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Streaming TV Bundle on Tap for Non-Sports Fans

13 Sep, 2017 By: Doug McPherson

NEW YORK – Discovery, Viacom, A+E Networks, AMC Networks, and Scripps are partnering to offer a new streaming service for viewers tired of paying for TV sports channels they don’t watch.

The offering is expected to have a “soft launch” in the coming weeks, according a report in The Wall Street Journal. Programming will be primarily nonfiction and lifestyle, along with children’s fare and scripted dramas for less than $20 a month.

The exact list and number of networks to be carried isn’t clear, though the media companies say they expect that all of their core channels will be included. Discovery owns ID, TLC, and Animal Planet, among others. Scripps, which Discovery is in the process of acquiring, is the parent of such channels as HGTV and Food Network. Viacom’s list includes Nickelodeon, MTV, Comedy Central, and BET, while AMC and A+E each have their own suites of networks.

WSJ reports that several high-profile entertainment programming options aren’t part of the mix and, to get them, cord cutters will need an antenna to get broadcast signals from ABC, CBS, Fox, and NBC, and perhaps a subscription to another web-TV bundle for additional channels.

The new service will be powered by Philo, a company that specializes in streaming TV for college campuses and will also be branded “Philo.” (The name refers to Philo Farnsworth, inventor of the first all-electronic TV system.)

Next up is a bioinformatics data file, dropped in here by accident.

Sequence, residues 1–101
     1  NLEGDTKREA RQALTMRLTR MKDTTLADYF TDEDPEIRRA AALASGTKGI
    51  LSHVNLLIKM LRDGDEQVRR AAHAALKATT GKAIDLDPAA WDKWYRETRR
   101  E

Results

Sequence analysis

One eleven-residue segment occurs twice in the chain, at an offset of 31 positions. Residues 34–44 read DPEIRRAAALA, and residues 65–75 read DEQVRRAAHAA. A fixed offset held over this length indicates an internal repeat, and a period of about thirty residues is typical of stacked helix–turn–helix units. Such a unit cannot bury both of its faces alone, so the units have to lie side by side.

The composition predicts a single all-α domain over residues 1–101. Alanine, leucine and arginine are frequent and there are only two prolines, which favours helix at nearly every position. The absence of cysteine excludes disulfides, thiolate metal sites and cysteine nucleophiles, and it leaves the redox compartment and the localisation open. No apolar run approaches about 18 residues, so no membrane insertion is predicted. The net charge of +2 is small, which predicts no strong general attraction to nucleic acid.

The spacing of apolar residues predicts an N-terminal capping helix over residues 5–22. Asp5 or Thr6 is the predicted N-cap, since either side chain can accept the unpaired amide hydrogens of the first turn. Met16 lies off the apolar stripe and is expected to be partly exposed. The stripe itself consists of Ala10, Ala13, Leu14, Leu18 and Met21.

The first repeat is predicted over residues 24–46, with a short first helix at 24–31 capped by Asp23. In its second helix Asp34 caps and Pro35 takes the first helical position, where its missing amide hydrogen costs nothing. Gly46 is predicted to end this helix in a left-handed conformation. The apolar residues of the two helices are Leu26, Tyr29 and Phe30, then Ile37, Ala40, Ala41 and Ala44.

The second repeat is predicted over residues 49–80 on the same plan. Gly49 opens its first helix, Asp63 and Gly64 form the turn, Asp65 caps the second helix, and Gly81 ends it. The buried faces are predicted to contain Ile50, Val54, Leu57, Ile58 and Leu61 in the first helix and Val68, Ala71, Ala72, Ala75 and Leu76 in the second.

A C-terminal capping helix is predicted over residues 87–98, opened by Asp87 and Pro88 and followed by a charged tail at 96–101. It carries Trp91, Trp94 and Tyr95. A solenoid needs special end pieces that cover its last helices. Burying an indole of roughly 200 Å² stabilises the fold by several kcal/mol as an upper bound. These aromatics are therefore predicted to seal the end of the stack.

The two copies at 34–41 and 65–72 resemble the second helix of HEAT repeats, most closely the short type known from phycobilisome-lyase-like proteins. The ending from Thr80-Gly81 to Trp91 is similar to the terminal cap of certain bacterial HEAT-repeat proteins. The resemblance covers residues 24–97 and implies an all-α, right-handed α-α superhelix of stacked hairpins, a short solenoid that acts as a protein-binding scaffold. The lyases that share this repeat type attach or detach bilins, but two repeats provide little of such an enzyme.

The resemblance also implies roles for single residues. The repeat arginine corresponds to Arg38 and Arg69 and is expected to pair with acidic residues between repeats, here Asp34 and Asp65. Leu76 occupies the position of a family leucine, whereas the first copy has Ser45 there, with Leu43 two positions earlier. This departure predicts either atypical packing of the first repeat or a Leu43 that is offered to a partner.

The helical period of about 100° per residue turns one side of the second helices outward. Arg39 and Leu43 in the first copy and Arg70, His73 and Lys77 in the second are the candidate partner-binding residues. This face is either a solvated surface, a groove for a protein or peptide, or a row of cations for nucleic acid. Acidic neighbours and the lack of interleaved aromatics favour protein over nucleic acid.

It will start out as a direct-to-consumer streaming service, but the goal is to eventually get established pay-TV providers to offer similar packages. Analysts say that could take some negotiating with cable and satellite providers as TV programmers’ contracts come up for renewal. Pay-TV providers will have to account for agreements they have with certain media companies, such as Disney and Time Warner, requiring that certain channels are available to a large percentage of the subscriber base, making it difficult to exclude them from packages.

Bloomberg reported in April that media companies were in talks with pay-TV distributors to create online TV services for consumers who don’t want to pay for sports.

Amol Sharma, a reporter with The Wall Street Journal, says it makes sense for the media companies to band together to offer streaming-TV bundles. “The streaming marketplace is buzzing with new services from the likes of YouTube and Hulu offering packages of channels for $40 a month or less,” Sharma writes. “But not all networks are being carried in these ‘skinny’ bundles, posing a risk for the ones that are left out. Some of the companies planning the non-sports bundle have been left out of the skinny bundles.”

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